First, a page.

6,000 years from now, when Crowley smells a sun-ripe peach, he will still picture apples.
But apples were just invented, so Crawly sees nothing mysterious about the cloying aroma dripping down the branches of the apple tree, a scent that clings to his very scales and whispers of something lush and obscene.
Crawly’s been watching Eve. He’s not jealous of the humans; he actually finds this one quite charming. (He could do without the husband—Crawly thinks he’s a bit of a deadbeat.) I don’t have to actually do anything to them to cause trouble, Crawly thinks. All I have to do is point out how stupid Her rules are.
“Yea,” Crawly hisses in Eve’s ear, “hath God said, ye shall not eat of this fruit tree, in the middle of a garden with a ‘don’t touch’ sign?”
“She did,” Eve says. It goes without saying that she has never questioned this.
“Well, go on,” Crawly urges, “this apple will give you wisdom of good and evil. Don’t you want that?”
Eve smiles at the serpent, heartbreakingly kind. “Am I supposed to want it?”
Crawly was not prepared for questions. “Ehh, possibly? Dunno why you shouldn’t. What’s so bad about knowing the difference between good and evil anyway?”
Eve seems to consider this. “Well, all right then,” she says, giving Crawly a gentle pat, “if you think it’s a good idea.”
Crawly frowns. It’s an odd look for a snake.
When Eve goes to show her husband what she’s done, a shadow falls over Crawly. Or, to be more precise, two shadows: one dark as crushed velvet, the other thin as a gossamer veil adrift on an ocean breeze. For a split-second, Crawly wonders if he is about to get smote down, but he quickly realizes this is no angel.
Far from it.
“It looks like you beat me to it,” the decidedly unangelic thing with two shadows says.
Whatever the thing is, it feels crueler and sharper than any demon in Crawly’s memory. Crawly shrinks back self-protectively.
The being crouches down to Crawly’s level, and he sees that its eyes are as glittering wine-yellow as his own. It is paler than anything to ever trod the Garden, but it is not sickly.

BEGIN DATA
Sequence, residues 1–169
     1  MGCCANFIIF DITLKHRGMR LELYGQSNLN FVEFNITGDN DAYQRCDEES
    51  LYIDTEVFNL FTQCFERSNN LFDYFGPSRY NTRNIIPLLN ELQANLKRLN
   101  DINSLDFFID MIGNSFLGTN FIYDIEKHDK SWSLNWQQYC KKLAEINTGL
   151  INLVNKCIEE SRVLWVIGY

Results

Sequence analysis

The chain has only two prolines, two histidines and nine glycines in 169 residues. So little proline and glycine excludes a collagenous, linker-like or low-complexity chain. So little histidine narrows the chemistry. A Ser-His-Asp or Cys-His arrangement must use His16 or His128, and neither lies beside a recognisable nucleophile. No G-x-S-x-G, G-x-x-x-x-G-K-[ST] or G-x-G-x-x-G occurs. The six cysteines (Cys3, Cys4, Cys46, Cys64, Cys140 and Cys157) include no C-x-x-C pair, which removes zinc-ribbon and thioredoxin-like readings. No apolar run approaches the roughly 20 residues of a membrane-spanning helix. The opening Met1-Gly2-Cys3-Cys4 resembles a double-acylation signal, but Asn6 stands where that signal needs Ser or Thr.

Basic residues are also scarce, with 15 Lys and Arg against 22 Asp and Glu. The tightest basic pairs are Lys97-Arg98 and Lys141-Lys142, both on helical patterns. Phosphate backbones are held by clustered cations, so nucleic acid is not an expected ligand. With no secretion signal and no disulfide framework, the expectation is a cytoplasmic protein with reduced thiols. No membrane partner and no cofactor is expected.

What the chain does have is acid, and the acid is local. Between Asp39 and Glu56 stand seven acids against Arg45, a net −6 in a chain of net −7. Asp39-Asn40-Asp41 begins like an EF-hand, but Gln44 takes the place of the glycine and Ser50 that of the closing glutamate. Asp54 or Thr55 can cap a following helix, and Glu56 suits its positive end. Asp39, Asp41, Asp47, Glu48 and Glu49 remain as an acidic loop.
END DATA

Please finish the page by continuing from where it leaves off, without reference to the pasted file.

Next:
It is beautiful, and Crawly is afraid.
“It,” Crawly thinks. He does not know how he instinctively knows this. Not he, not they—it simply is as it is.
It reaches out one graceful, mist-white hand to give Crawly a long sensuous stroke from the top of his head to the tip of his tail, and what terrifies Crawly most is that he wants it to not stop. He wants to arch up beneath its palm. He wants to escape the thing, and he despairingly wants for it to keep touching him. It feels like every hope, and every fear, he has ever known.
If Crawly had really been forced to go to war, instead of just Sauntering Vaguely Downwards, he would not have wanted to die for Lucifer.
In Crawly’s heart of hearts, he fears that he might die for this thing if it asked.
The thing knows this, and it smiles like the edge of a silver blade.
“You insulted me,” it purrs.
“I’m sorry?” he squeaks.
“No,” it says, “not yet. But you will be.”
Crawly’s blood goes colder than normal.
“I’m supposed to come first,” it says. It looks up and away, and its mouth quirks like it just thought up a joke, but it does not share it. “As I have done for billions of years. All you are, all you will ever be, little snake, is an opportunity which arises after I come. Yet when I tried to speak to the human’s heart, she acted like she couldn’t even hear me.”
Suddenly, something like understanding dawns on Crawly, and he shakes his head back and forth in a state of panic: “She couldn’t,” he says. He is not above begging. “Please,” he says, “she couldn’t hear you, because she didn’t know yet …”
The being stands. “Huh,” it says. “You know, that actually makes a lot of sense. I bet you’re right.” It laughs, light as glass. “But also, I don’t care. Logic is far too tedious a pursuit for my realm, that’s the kind of thing my brother agonizes over. I follow my fancies. And right now”—it rubs Crawly under the chin, and to his abject horror even now he still melts into the touch with a sigh—“since I didn’t get to play with Eve, I fancy you, and the games I could play with you.”
When it lets go of Crawly’s chin, he feels no relief. He even feels … disappointed?
“Look to the East, little snake,” it says softly.
Crawly blinks, manifesting eyelids for the sole purpose of communicating his confusion, but he does as he’s told. Truthfully, he has no choice.
“Oh,” he breathes, taking in the golden figure guarding the Gate.
He is perfect. He is the answer to every prayer of Crawly’s She ever denied. Crawly would implore for the chance just to lay his life down for him, again and again—
He is … off limits.
Every element of Crawly left that ever knew some joy seems to be sinking into the earth under his belly.
Crawly raises his head to the thing that smiles at him now. “Why?” he whispers. “Why would you do that?”
“Oh, come on,” says Desire, with a gleam in its eye. “Don’t you have a sense of humor?”